Monday, January 31, 2011

Kevin Smith to self-release Red State, quit directing

Kevin Smith is a strange figure in the film world. I've written about his movies previously, and I hope it's clear that I'm conflicted. Smith is uneven and (seems very) undisciplined, but he's got such a gift for comedy. He's also a great poster-boy for the "I can make it in Hollywood" dream.

Which brings us to his first big announcement at the Sundance festival last week: Kevin Smith intends to make 1-2 more movies, then retire from directing; he'll try to help others get their films made. You can read about it - or you can watch the speech below.

Even though Smith has only directed 10 movies over 17 years, I consider this a big announcement; it certainly could have massive repercussions. Given how often people talk about egos and the film industry, it's apparent that many would think Smith was "burning his bridges" while currently standing on one of them.

I think the guy was just using candor - which would fit nicely, since a lot of New Jersey people are fairly forthright. In fact, bs-ing people and speaking like a PR exec can be seen as very insulting, so it would be hard to ask Kevin to be more diplomatic. Might as well tell him to lie, then...

There was a lot of news out of Sundance that night - as noted by the AVClub link above, some review sites trashed the movie's screening. They claimed that many people left the theater early, and that many people were far more interested in Jets v. Steelers than a New Jersey rant-master.

Well, the response caused Smith to get onto twitter and post like there's no tomorrow. His reply is pretty... vast, and quite frank. I'll say up-front, his self-distribution idea has some potential. I'll get to that later, though...

Even more, Kevin might be better suited to working behind the scenes at this point. I wrote that he's done 10 movies in 17 years, but 3 of those movies feel more like 1 picture. Yes, I'm willing to say that "Clerks," "Clerks II," and "Jay and Silent Bob Strike Back" might almost count as 1 movie. So, really, he's got 8 in 17.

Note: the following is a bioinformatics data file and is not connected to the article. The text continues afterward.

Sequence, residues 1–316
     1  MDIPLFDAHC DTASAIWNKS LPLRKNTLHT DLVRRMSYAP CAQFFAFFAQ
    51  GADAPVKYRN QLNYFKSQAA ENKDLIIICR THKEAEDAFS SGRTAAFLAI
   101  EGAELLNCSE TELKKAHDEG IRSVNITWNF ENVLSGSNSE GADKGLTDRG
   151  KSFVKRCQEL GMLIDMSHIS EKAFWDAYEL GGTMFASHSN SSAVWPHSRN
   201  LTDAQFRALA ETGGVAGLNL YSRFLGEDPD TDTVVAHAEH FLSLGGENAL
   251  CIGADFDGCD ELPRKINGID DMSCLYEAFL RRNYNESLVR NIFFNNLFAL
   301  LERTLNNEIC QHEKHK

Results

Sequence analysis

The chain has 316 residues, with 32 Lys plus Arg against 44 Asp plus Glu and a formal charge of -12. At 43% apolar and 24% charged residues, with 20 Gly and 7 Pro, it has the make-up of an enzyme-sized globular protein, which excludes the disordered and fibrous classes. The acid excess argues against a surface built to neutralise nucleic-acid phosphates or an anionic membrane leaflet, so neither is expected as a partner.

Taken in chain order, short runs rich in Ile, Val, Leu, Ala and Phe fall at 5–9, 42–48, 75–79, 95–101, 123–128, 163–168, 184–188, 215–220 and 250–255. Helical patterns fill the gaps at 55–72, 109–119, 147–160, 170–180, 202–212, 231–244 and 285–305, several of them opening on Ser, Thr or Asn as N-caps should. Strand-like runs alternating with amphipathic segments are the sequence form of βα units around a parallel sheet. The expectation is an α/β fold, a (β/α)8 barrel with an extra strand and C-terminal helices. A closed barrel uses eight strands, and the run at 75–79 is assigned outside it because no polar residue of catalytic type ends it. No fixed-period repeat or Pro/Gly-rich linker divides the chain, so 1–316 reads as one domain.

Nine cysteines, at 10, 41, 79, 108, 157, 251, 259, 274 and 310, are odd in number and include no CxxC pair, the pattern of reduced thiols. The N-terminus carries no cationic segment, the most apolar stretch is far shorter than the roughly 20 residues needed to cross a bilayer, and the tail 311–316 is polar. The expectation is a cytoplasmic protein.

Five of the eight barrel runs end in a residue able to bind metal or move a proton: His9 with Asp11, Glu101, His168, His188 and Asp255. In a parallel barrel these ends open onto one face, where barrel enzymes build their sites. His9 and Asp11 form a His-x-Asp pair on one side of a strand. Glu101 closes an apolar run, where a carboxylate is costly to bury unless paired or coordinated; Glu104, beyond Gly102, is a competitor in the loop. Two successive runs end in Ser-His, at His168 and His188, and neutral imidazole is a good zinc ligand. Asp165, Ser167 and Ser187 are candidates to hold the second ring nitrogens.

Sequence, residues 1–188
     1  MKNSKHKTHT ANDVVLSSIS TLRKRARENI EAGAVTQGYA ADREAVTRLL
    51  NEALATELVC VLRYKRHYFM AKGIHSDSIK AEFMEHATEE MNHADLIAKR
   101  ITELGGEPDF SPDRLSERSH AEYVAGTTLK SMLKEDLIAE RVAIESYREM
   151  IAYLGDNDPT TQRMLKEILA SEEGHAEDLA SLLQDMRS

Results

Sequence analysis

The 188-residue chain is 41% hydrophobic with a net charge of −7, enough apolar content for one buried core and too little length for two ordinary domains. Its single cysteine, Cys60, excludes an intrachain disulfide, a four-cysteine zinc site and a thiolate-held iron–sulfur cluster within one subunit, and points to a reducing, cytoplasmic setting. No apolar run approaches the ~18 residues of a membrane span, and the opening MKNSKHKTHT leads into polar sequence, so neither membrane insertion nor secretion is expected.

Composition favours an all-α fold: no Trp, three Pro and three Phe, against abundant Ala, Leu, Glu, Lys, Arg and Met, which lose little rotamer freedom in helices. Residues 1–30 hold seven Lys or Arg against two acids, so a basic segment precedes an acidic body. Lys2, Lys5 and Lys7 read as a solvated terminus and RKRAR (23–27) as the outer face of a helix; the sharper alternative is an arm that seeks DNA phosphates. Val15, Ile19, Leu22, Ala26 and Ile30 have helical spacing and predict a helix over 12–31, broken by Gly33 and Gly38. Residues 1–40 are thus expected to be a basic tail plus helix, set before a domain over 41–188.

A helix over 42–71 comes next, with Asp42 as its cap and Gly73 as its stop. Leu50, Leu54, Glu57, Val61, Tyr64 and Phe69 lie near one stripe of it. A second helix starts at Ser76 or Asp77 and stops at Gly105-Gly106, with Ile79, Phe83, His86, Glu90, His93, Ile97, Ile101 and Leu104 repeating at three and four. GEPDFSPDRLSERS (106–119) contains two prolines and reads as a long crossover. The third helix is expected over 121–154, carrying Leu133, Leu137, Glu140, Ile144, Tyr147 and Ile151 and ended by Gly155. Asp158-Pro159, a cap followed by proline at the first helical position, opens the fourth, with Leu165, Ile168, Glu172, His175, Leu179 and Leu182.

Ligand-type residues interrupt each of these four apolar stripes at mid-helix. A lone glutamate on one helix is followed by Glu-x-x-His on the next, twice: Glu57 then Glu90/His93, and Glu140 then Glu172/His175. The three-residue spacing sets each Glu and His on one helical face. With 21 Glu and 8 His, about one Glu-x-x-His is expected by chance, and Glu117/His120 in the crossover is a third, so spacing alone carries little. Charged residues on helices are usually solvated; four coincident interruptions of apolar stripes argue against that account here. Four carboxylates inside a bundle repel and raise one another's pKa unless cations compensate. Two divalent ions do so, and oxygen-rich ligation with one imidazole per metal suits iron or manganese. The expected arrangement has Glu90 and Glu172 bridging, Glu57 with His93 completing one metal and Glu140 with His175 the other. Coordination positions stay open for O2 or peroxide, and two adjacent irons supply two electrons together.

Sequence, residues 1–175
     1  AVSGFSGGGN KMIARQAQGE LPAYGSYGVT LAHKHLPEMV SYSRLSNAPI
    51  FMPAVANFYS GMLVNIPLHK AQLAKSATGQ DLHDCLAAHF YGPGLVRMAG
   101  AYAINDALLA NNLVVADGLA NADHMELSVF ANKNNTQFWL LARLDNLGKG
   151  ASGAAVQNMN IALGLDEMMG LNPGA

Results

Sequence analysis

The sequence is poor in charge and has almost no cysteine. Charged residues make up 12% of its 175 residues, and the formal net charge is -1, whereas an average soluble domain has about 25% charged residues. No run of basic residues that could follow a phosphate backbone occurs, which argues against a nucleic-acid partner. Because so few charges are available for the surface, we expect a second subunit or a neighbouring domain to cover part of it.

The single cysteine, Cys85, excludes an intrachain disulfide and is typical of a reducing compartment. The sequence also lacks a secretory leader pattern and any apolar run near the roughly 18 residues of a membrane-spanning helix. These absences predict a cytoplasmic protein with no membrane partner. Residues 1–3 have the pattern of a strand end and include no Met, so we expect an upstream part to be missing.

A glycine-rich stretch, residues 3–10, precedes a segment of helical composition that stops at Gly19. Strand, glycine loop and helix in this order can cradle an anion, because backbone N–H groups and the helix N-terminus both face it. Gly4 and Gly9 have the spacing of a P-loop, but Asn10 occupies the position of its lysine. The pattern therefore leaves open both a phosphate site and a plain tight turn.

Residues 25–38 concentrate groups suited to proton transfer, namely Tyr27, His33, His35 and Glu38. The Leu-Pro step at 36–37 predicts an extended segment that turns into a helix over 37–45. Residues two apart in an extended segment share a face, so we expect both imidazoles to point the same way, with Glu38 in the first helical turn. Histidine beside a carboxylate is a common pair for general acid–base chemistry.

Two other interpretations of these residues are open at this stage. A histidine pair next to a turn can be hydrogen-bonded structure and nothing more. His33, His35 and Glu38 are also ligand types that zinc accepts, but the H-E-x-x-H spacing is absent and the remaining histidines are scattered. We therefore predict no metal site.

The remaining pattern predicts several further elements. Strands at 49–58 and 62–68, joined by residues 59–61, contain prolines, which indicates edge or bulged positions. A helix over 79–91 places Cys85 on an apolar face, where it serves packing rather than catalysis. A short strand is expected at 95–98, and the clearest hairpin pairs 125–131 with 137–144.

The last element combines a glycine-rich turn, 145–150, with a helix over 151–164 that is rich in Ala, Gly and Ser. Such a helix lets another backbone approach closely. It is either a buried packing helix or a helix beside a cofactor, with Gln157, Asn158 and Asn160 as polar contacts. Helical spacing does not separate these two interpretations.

You can read my opinion of "Clerks II," and I still stand by it. Sadly, "CII" was much better than "JaSBSB." It did have a some great gags... For now, I'll just write: much more could've been done with the assembled talent, and it was very self-gratifying. I don't want to use a "Return of the Jedi" reference, but aggregated reviews and box office receipts show that Smith "paid the price for [his] lack of vision." For a movie with that cast, $8M in profit is kinda low...

And it's hard to forget last year's fiasco, "Cop Out." It was supposed to be a new opportunity for Kevin, as he had two bankable stars (Bruce Willis, Tracy Morgan) and was working from another person's script for the first time ever. This was a shot to prove himself purely as a working director.

The critics were not kind at all. 31 on Metacritic, 19% on Rotten Tomatoes. He talks about it, in a rambling but extensive way, near the 62-minute mark of a dvd-show he released.